5 Tips: Comfort

We all love cycling and there’s nothing more rewarding than racking up the big miles. However, more time in the saddle is often accompanied by niggles and soreness that can take the fun out of riding.

We’ve taken the time to speak to top pro bike fitter – Matt Hallam from Crimson Performance – to give you some pro tips on ways to improve your comfort on the bike. Matt has fitted some of the stars of the sport including Olympian Elinor Barker and has a wealth of knowledge and experience. He has combined his scientific expertise of biomechanics with practical advice to give us the inside scoop on how to set up your bike for a comfortable ride!

1) Saddle height

According to Matt ‘saddle height is king pin in your bike position’. Too low and you’re at risk of anterior knee pain and too high you could develop lower back discomfort, saddle sores and posterior knee pain. Matt says that ‘a good place to start [when establishing your correct saddle height] is by taking an inseam measurement and then simply deducting 100mm.’

If you want to get more technical, Matt states that in ‘the fit studios [he] look for between 140- 145deg knee extension and around a 20deg ankling angle as these ranges are biomechanically optimal for power production and injury prevention’.

2) Saddle choice

A saddle that works for you is crucial in ensuring a comfortable ride. Here Matt highlighted the importance of ensuring ‘that your saddle is wide enough to support both sit bones evenly.’ He explained that ‘saddle manufactures are developing much wider saddles because, [in general], a wider saddle provides greater pelvic stability and more comfort.’

Matt also emphasises the importance of ‘being logical around saddle selection’. It can be a bit of a process because it’s important to find the curvature, width, and shape that you find comfortable. Matt offers a money back guarantee on saddles for his clients and he recommends double checking this applies to your saddle purchase too as finding the right one can simply be a matter of trial and error.

3) Reach and saddle set back

Reach and saddle set back are two important components of a well fitting bike. Your saddle setback refers to the horizontal distance between the centre of the bottom bracket and the front tip of the saddle. If you notice you have a tendency to sit on the nose of your saddle, then try moving the saddle forward whilst if you feel like you are sitting off the back of the saddle then try moving the saddle back. Matt says that ultimately ‘the back of your saddle should feel accessible and sustainable to sit on’.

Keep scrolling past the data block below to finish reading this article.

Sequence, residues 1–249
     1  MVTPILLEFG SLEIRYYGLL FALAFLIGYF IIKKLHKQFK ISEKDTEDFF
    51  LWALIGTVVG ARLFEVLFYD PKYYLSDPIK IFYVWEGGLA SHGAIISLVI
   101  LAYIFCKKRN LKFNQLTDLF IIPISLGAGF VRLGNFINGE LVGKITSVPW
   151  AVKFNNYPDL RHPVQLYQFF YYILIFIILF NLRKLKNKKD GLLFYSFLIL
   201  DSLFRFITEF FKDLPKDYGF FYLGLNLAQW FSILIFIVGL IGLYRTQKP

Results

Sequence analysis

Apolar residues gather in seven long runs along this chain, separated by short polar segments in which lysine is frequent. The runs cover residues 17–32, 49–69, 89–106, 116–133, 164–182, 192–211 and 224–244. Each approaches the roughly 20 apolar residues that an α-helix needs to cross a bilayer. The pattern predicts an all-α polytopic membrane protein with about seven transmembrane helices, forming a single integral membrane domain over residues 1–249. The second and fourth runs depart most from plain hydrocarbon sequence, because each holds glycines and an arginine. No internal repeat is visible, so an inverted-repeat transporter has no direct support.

In terms of comfort it is also important to achieve a balanced centre of mass over the bottom bracket and this is where your reach – how ‘stretched’ you are on the bike – comes into play. Matt says ‘if you feel that the back of the shifters and saddle are accessible, then you are on the right path.’ However, if you feel too stretched you may want to consider moving the saddle forward or fitting a shorter stem.

Matt has found in his studio fits he is more often that not ‘reducing a riders setback because far too many riders front load their saddles’. He explained that sitting too far forward on the saddle isn’t healthy for blood flow to our soft tissue and bringing a saddle further forward can provide additional benefits as it ‘also helps to open the hip angle and in turn lead to better engagement of the glutes.’


4) Handlebar width

Handlebar width can have a big impact on the comfort of the bike as well as its handling. A well- fitting handlebar can help reduce the pressure on a rider’s hands as well as prevent neck and shoulder soreness. According to Matt the rule of thumb is that the ‘handlebar width should reflect a rider’s shoulder width. He finds it all too common for ‘stock bikes to come with handlebars that are a size or two too wide’.

5) Tyre choice and pressure

Away from position another quick fix for comfort is your tyre choice and tyre pressure particularly on poor road surfaces and ‘heavy’ roads. In general, the lower the pressure, the smoother and more comfortable it will feel. But remember, if you drop the pressure of your tyres a lot you will need to increase the size of the tyre in order to avoid pressure punctures. A good guideline is that a 25c tyre performs well at around 85psi, whilst a 28c tyre can be taken down to 70psi.

If you are going to swap your tyres then bear in mind that the tyre itself can also make a difference to the feel. Different composites will provide a different feel and in general a tyre with a more supple casing will improve your comfort as it will ‘deform around the imperfections of the road and thus dampen the ‘buzz’ coming from the tarmac’.

There is nothing worse than being uncomfortable on the bike. Aches, pains and soreness can quickly detract from the fun of cycling so having a good position is so important. A correct fitting bike can not only improve comfort, but also increase your power and efficiency as well as stave off injury. Hopefully with these expert tips you can now rack up those winter miles in comfort!


A special thanks to Matt Hallam of Crimson Performance for his input and expertise. You can check out his website here – https://www.crimsonperformance.com/bike-fit-manchester – for more insights and information. 

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